What does this mean: "The present is the key to the past"?
How can this photo help you to figure out what happened in Earth's history? You see the molten lava. You see what the rock looks like when the lava cools. What if you see that type of rock in an outcrop? You can assume that it formed from molten lava. This is the best tool for understanding Earth history. Earth scientists use what they know about Earth in the present to figure out what happened in the past.
Ask a Question: Earth History
The outcrop in Figure below is at Checkerboard Mesa in Zion National Park, Utah. It has a very interesting pattern on it. As a geology student you may ask: how did this rock form?
Checkerboard Mesa in Zion National Park, Utah.
If you look carefully at the rock, you will see that it’s made of sand. This rock formation is called the Navajo sandstone. Does knowing that the rock is sandstone tell you how it formed? No, although it limits the possibilities. The next thing to do is to make observations now and apply them to this rock that formed long ago.
James Hutton came up with this idea in the late 1700s. The present is the key to the past. He called this the principle of uniformitarianism. It works like this: we understand a geological process that happens now. We see the outcome of that process, say a rock. Then we find evidence that same process happened in the past, like a similar rock. We can assume that the process operated the same way in the past.
Let’s go back to that outcrop. What would cause sandstone to have layers that cross each other, a feature called cross-bedding?
Answer a Question: Earth History
In this photo of this sand dune in Coral Pink Sand Dunes State Park, Utah (Figure below), we see that wind can cause cross-bedding in sand. Cross-bedding is due to changes in wind direction. There are also ripples caused by the wind waving over the surface of the dune.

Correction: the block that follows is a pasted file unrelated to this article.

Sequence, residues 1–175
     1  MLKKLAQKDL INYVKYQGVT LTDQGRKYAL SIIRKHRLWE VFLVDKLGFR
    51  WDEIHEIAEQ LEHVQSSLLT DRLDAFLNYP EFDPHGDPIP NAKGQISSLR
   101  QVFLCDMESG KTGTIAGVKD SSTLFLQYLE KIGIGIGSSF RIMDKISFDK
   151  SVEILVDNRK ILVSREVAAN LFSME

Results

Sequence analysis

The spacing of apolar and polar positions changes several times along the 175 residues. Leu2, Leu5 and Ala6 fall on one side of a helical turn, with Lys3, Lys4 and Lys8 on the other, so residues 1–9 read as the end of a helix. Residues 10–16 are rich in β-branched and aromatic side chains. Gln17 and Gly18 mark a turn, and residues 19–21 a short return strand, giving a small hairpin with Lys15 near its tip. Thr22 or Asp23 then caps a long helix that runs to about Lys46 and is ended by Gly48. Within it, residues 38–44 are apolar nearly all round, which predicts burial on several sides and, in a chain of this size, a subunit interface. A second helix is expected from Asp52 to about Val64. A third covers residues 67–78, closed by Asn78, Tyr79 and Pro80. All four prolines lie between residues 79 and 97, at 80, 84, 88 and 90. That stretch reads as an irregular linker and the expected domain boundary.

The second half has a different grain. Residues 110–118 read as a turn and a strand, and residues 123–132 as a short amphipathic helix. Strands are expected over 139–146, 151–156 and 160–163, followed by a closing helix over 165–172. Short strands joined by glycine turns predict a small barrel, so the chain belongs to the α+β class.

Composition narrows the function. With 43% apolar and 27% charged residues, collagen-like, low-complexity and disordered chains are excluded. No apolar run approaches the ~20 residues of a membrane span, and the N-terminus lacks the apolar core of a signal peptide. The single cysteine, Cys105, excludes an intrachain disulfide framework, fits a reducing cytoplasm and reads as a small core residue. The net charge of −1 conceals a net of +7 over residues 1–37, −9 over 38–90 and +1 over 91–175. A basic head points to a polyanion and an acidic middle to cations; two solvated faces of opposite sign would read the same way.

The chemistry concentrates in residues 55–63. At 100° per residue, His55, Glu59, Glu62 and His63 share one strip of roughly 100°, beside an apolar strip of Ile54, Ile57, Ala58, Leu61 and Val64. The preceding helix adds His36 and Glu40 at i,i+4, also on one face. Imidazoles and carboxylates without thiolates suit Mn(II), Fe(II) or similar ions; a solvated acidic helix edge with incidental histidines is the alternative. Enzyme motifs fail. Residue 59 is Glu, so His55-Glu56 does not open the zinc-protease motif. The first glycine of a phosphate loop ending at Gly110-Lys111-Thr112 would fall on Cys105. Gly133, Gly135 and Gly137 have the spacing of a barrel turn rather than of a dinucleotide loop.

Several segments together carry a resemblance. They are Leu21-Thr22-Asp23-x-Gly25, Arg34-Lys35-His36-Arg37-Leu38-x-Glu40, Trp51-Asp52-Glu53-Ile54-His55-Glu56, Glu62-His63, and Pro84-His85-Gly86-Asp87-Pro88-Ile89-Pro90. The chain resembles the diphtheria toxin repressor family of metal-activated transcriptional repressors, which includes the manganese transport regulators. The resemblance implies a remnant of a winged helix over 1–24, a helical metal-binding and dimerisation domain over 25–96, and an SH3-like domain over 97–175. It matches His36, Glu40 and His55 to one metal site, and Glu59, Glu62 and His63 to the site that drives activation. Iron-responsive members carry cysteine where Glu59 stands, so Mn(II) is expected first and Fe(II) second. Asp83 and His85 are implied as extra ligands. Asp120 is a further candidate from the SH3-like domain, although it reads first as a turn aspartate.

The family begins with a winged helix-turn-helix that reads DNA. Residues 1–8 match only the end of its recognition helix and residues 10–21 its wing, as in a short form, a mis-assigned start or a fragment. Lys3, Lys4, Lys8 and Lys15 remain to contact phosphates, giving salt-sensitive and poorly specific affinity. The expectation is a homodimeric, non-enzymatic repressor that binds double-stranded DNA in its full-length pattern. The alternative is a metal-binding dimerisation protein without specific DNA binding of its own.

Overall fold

Sand dune in Coral Pink Sand Dunes State Park, Utah.
This doesn’t look exactly like the outcrop of Navajo sandstone, but if you could cut a cross-section into the face of the dune it would look very similar.
Since we can observe wind forming sand dunes with these patterns now, we have a good explanation for how the Navajo sandstone formed. The Navajo sandstone is a rock formed from ancient sand dunes. The rock shows that the ancient wind direction changed from time to time.
This is just one example of how geologists use observations they make today to unravel what happened in Earth’s past. Rocks formed from volcanoes, oceans, rivers, and many other features are deciphered by looking at the geological work those features do today.
Science Friday: Tar Noir: Paleoforensics at the La Brea Tar Pits
The La Brea Tar Pits contain a massive collection on animals. But how did all these animals die, and how did they get there? In this video by Science Friday, researchers explain how these processes occurred and what the La Brea Tar Pits tell us about Los Angeles thousands of years ago.
- You may need to apply what you know about the present to determine what happened in the past.
- The idea that the present is the key to the past was recognized by James Hutton in the late 1700s.
- If you see something forming by a process today and then find the end results of that process in the rock record, you can assume that the the process operated the same way in the past.
- What does an Earth scientist often need to answer a question about something that happened in Earth’s distant past?
- James Hutton is sometimes called the father of geology. Why does he deserve that title?
- How can you use the principle of uniformitarianism to figure out how a lava rock formed?
Use this resource to answer the questions that follow.
- How does a geologist use observations about how and where ripple marks are found to understand ripple marks in a rock?
- What do the colors of the rocks tell us?
- Explain the principle of uniformitarianism.
- Why are the principles discussed in this video important for Earth science?